Tag Archives: Reds

Former All Black on the Pathway as Future Wallabies Coach

The Coaching merry go round that has now become synonymous with the Qld Reds has once again reared it’s ugly head with Nick Stiles the latest to fall victim to the position which could be referred to as a ‘poisoned chalice’.

If what former Coach Mark McBain has hinted at recently is true, then player power is still alive and well, in fact, it’s never been better at Ballymore.

With Brad Thorn set to become the 10th Coach in the last 16 Seasons what does that tell you about loyalty and staying strong? Not a whole lot, I would have thought.

Sure, Stile’s record in the 2017 season wasn’t great, in fact, it was the worst of any Qld Reds Coach so far with a 4-11 win/loss record. Also, they finished 14th overall in the Super 18 Competition, but as is the case a lot of the time the Head Coach is made the scapegoat while the players appear to get off Scott free with little or no accountability being taken.

There will be those who are quick to point out that Coaching at the elite level in any sport is results driven and if you don’t perform you’ll fall on your sword and  pay the price. Well that’s  fine if all of the players buy in to that and give the coach their full and unwavering support. Did that happen  at the Qld Reds this Season?

For the Qld Rugby Union (QRU), who are supposedly cash strapped, to continue to sack coaches mid-term time after is beyond belief Now they’ll have to fork out another substantial amount of money with Stiles contracted to the Qld Reds until the end of the 2018 Season, unless they can shuffle him to another position within the QRU.

In 2018, a rookie Head Coach at Super Rugby Level, Brad Thorn will be under the spotlight and he may very well succeed with his tough uncompromising nature and respect  that he had as a player sure to rub off on his players in his new role with the Qld Reds.

An outstanding and distinguished career  in both Rugby Union and Rugby League, Thorn, achieved major success at the highest level. He enters the coaching fold with impeccable credentials as a player, but that doesn’t guarantee that he will be able to replicate that success as a Coach at the Elite Level.

As well as Qld Country are performing at the moment it’s a quantum leap from coaching in the National Rugby Championship (NRC) to being a coach in the Super Rugby Competition.

You can only  imagine the pressure that Thorn will be under next Season, fully aware that if the Qld Reds don’t perform his Career as a coach at the Elite Level may very well be short lived.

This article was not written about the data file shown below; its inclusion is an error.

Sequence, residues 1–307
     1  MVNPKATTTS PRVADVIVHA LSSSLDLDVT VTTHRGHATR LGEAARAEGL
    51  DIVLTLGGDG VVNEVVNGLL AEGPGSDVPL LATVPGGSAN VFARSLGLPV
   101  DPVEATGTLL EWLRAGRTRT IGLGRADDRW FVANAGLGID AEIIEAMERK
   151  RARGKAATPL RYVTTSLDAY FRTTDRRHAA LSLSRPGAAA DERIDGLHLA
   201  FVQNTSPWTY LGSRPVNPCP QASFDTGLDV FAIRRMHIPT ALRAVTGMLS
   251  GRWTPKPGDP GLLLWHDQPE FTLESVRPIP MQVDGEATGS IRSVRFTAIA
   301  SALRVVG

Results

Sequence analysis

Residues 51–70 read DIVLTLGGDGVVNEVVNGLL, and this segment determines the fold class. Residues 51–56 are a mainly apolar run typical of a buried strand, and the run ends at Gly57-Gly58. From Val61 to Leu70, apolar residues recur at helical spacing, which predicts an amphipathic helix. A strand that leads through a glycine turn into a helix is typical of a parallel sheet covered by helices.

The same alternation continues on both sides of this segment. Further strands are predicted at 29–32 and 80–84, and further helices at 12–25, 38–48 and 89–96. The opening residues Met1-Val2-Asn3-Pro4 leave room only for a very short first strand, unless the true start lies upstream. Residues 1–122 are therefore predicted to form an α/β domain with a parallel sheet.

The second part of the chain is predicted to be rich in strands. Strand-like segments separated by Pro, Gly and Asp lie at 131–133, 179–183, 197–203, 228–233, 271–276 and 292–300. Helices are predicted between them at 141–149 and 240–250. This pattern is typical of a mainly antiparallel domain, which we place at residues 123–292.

I think you will find though, that no matter what. the QRU will persevere with Thorn if what has been reported is true in that the Australian Rugby Union  are impressed with Thorn and that his coaching credentials have been rubber  stamped. It does seem to have some credence, when you consider how Thorn has  been seemingly fast-tracked through the system to become the Head Coach of a Super Rugby Team in a very short time.

It can only be hoped that Thorn’s tenure as Coach of the Qld Reds will be long and successful and act as a pathway to one day possibly becoming the the Wallabies Head Coach. How ironic, if in the future the Wallabies coached by Brad Thorn were to play  the All Blacks. Would Thorn be able to sing ‘Advance Australia Fair’ with the same  pride and passion that he sung ‘God of Nations at thy feet’ and how would he feel watching the ‘All Blacks’ perform the ‘Haka’ before kick off? When you consider that as a boy Thorn’s  dream was to play for the ‘All Blacks’ and to perform the ‘Haka’.

GJ

Staff Writer

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What is the Relevence of Rugby Union in Australia?

From little things, big things grow.”

 

Paul Kelly

 

Watching rugby leagues gala event, the Dally M Awards, live from The Star in Sydney, tonight, one questions what is the future of a code that has been relegated to “boutique” status that rugby union now occupies. Queensland and New South wales are the only true “rugby” states in the Australian landscape with the Australian Football League (AFL) dominating the rest. I am reminded of a guy from Melbourne I was talking to in China, in 2011, and how he remarked that it was incredible to him that Australia did so well in rugby union when most of the country does not understand the game; at the time we were ranked No. 2 in the world behind the New Zealand (who went on to win their second World Cup later on that year).